Prevalence of germline CHEK2 mutations in thyroid cancer patients versus healthy matched controls

Six studies compared the prevalence of germline CHEK2 mutations in patients with thyroid cancer with a matched cohort (Table 1).

Table 1 Prevalence of CHEK2 mutation in patients with thyroid cancer versus healthy controls based on case-control series. (NA: no data available; OR: odds ratio; CI: confidence interval)

Cybulski et al. published the first case-control study linking papillary thyroid cancer with an increased prevalence of germline CHEK2 mutations. They found the prevalence of overall CHEK2 mutations was 12,24% in patients with papillary thyroid cancer versus 5,53% in matched controls (no statistical analysis available). When considering the truncating mutations separately (IVS2 + 1G > A and 1100delC) the authors conclude there is a statistically significant association with thyroid cancer (OR 4,9; p = 0,0006) [7]. This association was corroborated in a larger case-control study by Siolek et al. The prevalence of four different CHEK2 germline mutations was investigated in 468 patients with papillary thyroid cancer versus 468 age- and sex-matched controls. Patients with thyroid cancer had a significantly higher prevalence of truncating CHEK2 mutations (IVS2 + 1G > A, c.1100delC or del 5395) than the control group (OR 5,7; p = 0,006) [8]. In the largest case-control study so far, Gasior-Perczak et al. found in the Polish population the CHEK2 c.1100delC mutation to be present in 1% of papillary thyroid cancer patients (16/1547), and none in 468 healthy controls (no statistical analysis available). No statistically significant association was found between different individual truncating CHEK2 variants and thyroid cancer. When pooling the truncating mutations however, there was a statistically significant association (OR 4,54; 95%CI [1,40 – 14,68]; p = 0,0116), which was driven primarily by the IVS2 + 1G > A variant [14]. A case-control study of patients with non-anaplastic thyroid cancer in an Iranian population found no germline CHEK2 mutations in cases nor controls, though this probably reflects the low frequency of CHEK2 mutations in the Middle Eastern population [15]. Two studies in the Polish population only investigated the I157T variant [16, 17].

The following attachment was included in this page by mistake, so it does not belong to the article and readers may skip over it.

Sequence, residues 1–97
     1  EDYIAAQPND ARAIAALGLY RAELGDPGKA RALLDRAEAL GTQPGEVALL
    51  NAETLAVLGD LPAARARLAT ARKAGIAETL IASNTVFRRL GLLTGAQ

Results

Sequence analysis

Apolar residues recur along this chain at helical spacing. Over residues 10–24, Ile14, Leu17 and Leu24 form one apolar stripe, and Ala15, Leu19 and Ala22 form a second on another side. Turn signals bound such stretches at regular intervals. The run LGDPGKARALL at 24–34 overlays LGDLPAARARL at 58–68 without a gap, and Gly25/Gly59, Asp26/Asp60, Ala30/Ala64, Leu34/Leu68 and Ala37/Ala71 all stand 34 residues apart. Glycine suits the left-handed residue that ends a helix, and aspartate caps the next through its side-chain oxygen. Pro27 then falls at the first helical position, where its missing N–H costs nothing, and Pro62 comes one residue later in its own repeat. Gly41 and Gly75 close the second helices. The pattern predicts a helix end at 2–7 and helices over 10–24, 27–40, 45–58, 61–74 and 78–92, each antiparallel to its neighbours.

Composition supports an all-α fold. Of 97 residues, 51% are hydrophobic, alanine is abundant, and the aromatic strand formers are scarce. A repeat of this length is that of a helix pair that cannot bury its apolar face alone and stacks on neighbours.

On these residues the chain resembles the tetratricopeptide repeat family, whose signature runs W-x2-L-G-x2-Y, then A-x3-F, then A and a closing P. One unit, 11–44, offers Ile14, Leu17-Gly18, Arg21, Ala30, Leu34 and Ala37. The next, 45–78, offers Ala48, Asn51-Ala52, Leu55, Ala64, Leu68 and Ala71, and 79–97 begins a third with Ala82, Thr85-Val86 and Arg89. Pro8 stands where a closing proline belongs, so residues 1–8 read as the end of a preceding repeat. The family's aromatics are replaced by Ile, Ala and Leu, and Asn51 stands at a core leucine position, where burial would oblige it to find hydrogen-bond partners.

These studies, together with the three other Polish studies mentioned previously, found an increased I157T carrier frequency in papillary thyroid cancer patients compared to controls with odds ratios between 1,9 to 3,0 [7, 8, 14, 16, 17].

Prevalence of germline CHEK2 variants in thyroid cancer case series

In a Czech pediatric population of papillary thyroid cancer patients, 7/84 (8,4%) had a CHEK2 variant. The majority carried the I157T (n = 5), with one c.1100delC carrier and 1 variant of uncertain significance (p.L467F) [18].

A conference abstract by Kamihara et al. reported genotyping 2678 thyroid cancer patients. In this ethnically more diverse population (66% Caucasian) CHEK2 was the most frequently mutated gene (3,1%). About 90% of subjects were female, of which 50% had a history of breast cancer, implying an important selection bias. The specific CHEK2 mutations were not reported, histological information was incomplete, and there was no control group [19])


Is there a relation between risk of papillary thyroid cancer and germline CHEK2 mutations?